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Mail Tribune 100, April 20, 1922

News from 100 years ago
The following news items were drawn from the archives of the Mail Tribune 100 years ago

April 20, 1922


When Sheik M. Zinney at the Arabian nights show at the carnival last night in the course of his wonderful conjuring mystic magic and sleight of hand entertainment drew a big cloth serpent from a spectator’s hat and furled it into the audience everyone screamed except the snake editor of this paper and P. P. Bingham, who fainted away with sheer terror and surprise.

There were other surprises at the Lachman Exposition Shows, but of a more welcome nature, including the cleanliness of the carnival grounds, equipment and attractions, although the company has been out on the road in the mud and rain since March and yesterday was the first nice day they had encountered so far. The carnival is clean throughout with nothing to offend the fastidious.

Despite the fact that Medford has seen many a carnival company come and go its people turned out last night to enjoy the Lachman combination with its many attractions and brilliant illumination, and acted as though they had never seen one before. Good nature prevailed in the crowds everywhere with the children riding the Ferris wheel, the merry-go-round or the Whip, along with older folks, while the rest of the crowd was taking in the side shows and laughing in their efforts to walk Over the Waves. By the way, this latter is new in Medford.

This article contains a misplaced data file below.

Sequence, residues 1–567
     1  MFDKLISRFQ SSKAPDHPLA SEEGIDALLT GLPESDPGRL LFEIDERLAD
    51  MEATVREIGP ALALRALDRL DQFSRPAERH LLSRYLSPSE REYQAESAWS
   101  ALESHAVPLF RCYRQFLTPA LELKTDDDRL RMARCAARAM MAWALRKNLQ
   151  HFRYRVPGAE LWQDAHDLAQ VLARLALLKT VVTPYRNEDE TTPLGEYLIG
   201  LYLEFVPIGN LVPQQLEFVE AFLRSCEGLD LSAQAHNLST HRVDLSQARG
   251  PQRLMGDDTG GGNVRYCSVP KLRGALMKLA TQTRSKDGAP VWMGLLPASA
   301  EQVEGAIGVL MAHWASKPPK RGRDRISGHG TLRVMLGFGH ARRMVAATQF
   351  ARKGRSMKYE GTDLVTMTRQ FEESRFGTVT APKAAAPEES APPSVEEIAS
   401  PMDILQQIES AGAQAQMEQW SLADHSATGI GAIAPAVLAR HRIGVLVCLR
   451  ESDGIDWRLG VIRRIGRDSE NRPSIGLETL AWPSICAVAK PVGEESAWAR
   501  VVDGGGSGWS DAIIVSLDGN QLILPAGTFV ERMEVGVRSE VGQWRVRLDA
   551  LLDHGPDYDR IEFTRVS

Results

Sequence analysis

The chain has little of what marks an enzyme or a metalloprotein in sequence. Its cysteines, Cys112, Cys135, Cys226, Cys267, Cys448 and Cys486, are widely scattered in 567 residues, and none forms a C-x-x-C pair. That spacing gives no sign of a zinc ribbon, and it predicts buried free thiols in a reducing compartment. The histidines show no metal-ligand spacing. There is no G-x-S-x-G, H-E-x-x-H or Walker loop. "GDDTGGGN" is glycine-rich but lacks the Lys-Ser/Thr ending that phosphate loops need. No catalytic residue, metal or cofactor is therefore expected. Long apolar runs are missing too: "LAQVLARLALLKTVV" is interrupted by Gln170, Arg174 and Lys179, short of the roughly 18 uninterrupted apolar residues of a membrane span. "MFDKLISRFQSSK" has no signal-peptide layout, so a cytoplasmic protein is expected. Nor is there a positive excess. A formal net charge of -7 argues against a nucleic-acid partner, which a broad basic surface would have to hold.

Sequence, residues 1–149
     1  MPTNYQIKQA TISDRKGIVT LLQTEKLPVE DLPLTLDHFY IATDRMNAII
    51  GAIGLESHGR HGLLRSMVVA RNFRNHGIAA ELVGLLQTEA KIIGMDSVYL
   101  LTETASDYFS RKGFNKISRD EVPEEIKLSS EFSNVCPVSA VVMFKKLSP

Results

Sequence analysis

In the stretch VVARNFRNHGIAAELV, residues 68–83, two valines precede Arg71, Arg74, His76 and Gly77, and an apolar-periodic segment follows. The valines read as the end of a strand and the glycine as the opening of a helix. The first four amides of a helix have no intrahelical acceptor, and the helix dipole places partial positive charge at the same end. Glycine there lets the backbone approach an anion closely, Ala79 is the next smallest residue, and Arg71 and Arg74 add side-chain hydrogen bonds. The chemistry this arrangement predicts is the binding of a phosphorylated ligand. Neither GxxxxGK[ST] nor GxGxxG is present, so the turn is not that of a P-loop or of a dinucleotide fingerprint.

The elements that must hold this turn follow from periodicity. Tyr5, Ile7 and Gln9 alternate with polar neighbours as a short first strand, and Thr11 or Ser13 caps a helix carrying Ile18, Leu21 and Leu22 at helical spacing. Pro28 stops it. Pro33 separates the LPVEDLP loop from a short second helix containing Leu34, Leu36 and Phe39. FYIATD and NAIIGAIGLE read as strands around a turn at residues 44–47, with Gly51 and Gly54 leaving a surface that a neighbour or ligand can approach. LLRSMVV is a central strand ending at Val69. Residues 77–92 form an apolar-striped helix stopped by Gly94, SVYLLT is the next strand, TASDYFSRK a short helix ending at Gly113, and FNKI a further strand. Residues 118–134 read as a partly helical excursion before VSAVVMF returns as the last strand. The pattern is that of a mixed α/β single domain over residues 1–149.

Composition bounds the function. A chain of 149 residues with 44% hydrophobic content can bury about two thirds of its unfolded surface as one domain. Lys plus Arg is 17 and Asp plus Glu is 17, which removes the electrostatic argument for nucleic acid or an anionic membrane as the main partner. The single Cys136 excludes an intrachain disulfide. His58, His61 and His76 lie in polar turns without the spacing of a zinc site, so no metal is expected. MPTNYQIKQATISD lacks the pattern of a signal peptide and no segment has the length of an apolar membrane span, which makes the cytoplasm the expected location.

There are other new wrinkles in this carnival besides this one and those in the huge frame work of Sam Harris, the Texas Kid, one of the largest, fattest and most intelligent and active fat men ever seen with a show. Sam is a farmer and stock-raiser at Farmersville, Texas, when not out on the road. He is 18 years old, 6 feet and 2 in., in height, measures around the stomach 6 feet and 1 inch, weighs 691 pounds, has a 9-inch chest expansion, a 71 inch chest measure, and is — well, cutting it short, a whale of a man.

... Among the other attractions is ... Rube G. Warner, the skilled 145-pound wrestler who meets all comers; Teddy the handsome fire fighting circus horse, who rescues a baby and does other stunts; Rob Roy, the pony actor, who goes to bed and says his prayers, and the dog and pony shows.

The Lachman Exposition Shows will be open every evening and night until late, and in the afternoon will operate its riding devices for the benefit of the children. The carnival closes late Saturday night.

— Alissa Corman; acorman@rosebudmedia.com